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When Will They Learn?

Posted by Steve Lombardi on September 10, 2007's Play Index Batting Season find tells us that there have only been 19 times where a player has 50+ HR in a season where he also has less than 100 BB in that year.  Here's the list:

                   From  To   Ages Seasons Link to Individual Seasons 
Alex Rodriguez    2001 2007 25-31       3 Ind. Seasons 
Sammy Sosa        1998 2000 29-31       3 Ind. Seasons 
Ken Griffey       1997 1998 27-28       2 Ind. Seasons 
Willie Mays       1955 1965 24-34       2 Ind. Seasons 
Andruw Jones      2005 2005 28-28       1 Ind. Seasons 
Greg Vaughn       1998 1998 32-32       1 Ind. Seasons 
Brady Anderson    1996 1996 32-32       1 Ind. Seasons 
Albert Belle      1995 1995 28-28       1 Ind. Seasons 
Cecil Fielder     1990 1990 26-26       1 Ind. Seasons 
George Foster     1977 1977 28-28       1 Ind. Seasons 
Roger Maris       1961 1961 26-26       1 Ind. Seasons 
Johnny Mize       1947 1947 34-34       1 Ind. Seasons 
Ralph Kiner       1947 1947 24-24       1 Ind. Seasons 
Seasons/Careers found: 19.

If A-Rod keeps his pace this season in the BB-department, he'll join Sammy Sosa as the only player in baseball history with 3 seasons of "50+ HR and <=99 BB."

I wonder why teams don't give Alex the "Barry Bonds" treatment and just walk him? 

6 Responses to “When Will They Learn?”

  1. David in Toledo Says:

    Except when Alex is on a home-run streak and there's a base open, it's probably best to pitch to him, since there is a 69% chance he will make one out (or more) when he swings.

    The category Sammy Sosa and A-Rod share is as much a consequence of their attitudes at the plate as it is a result of how they are pitched. They're not as selective as they should be. Despite his year off and his limited playing time, Sammy is #2 alltime in strikeouts. A-Rod has already struck out 1500 times. While he seems to be learning how to avoid extreme K numbers (this year), at his current career pace, he might catch both Barry Bonds in home runs and Reggie Jackson in strikeouts.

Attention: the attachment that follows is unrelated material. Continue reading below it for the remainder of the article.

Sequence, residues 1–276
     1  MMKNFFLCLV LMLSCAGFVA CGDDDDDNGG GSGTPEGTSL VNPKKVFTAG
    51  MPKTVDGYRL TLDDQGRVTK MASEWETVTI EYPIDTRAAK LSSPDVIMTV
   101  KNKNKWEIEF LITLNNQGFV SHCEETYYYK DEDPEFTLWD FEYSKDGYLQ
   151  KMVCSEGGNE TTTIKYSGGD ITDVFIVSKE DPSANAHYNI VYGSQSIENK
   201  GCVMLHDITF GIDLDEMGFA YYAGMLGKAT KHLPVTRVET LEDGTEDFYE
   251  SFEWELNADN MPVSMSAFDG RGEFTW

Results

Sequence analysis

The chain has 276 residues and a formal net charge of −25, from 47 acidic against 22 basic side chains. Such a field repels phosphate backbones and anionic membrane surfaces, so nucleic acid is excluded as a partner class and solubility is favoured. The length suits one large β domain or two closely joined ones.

Notice that in career OPS+, A-Rod comes nowhere near Albert Pujols, a more disciplined hitter. Of course, Albert is on pace to set a career record for grounding into double plays.

  2. vonhayes Says:

    Without a base open, it's tough to justify putting a baserunner on when facing the Yankees. With that lineup, rather than prolong an inning and increase the probablity of scoring runs, it's best to try and have him make out or not hit a homerun (90% of all outcomes).

    Is this sound? Or am I missing something?

  3. Steve Lombardi Says:

    Hideki Matsui 305
    Jorge Posada 192
    Jason Giambi 130

    The players above are the guys who bat 5th most for the Yankees this season - the numbers are the PA where they have batted 5th.

    Posada has been hot all year. But, Matsui and Giambi are streaky. When they're ice cold, I would take my chances with them, and A-Rod on first, rather than pitch to Alex. But, yes, when they're hot, it's better to make Alex swing.

  4. cchien Says:

    Now pitchers don't walk A-Rod, but just give him HBPs....:P

    A-Rod got 19 HBPs this year so far. This is the second in MLB, and the first in AL.
    Maybe I am wrong... but from my impression, some HBPs he got is somehow intentional.

  5. Andy Says:

    That's a pretty neat list. What I notice is that many of those seasons are the first "big" home run seasons for those guys--Anderson, Vaugh, and Fielder stick out like sore thumbs.

  6. vonhayes Says:

    Don't forget Andre Dawson's 49 HR with like 33 BB!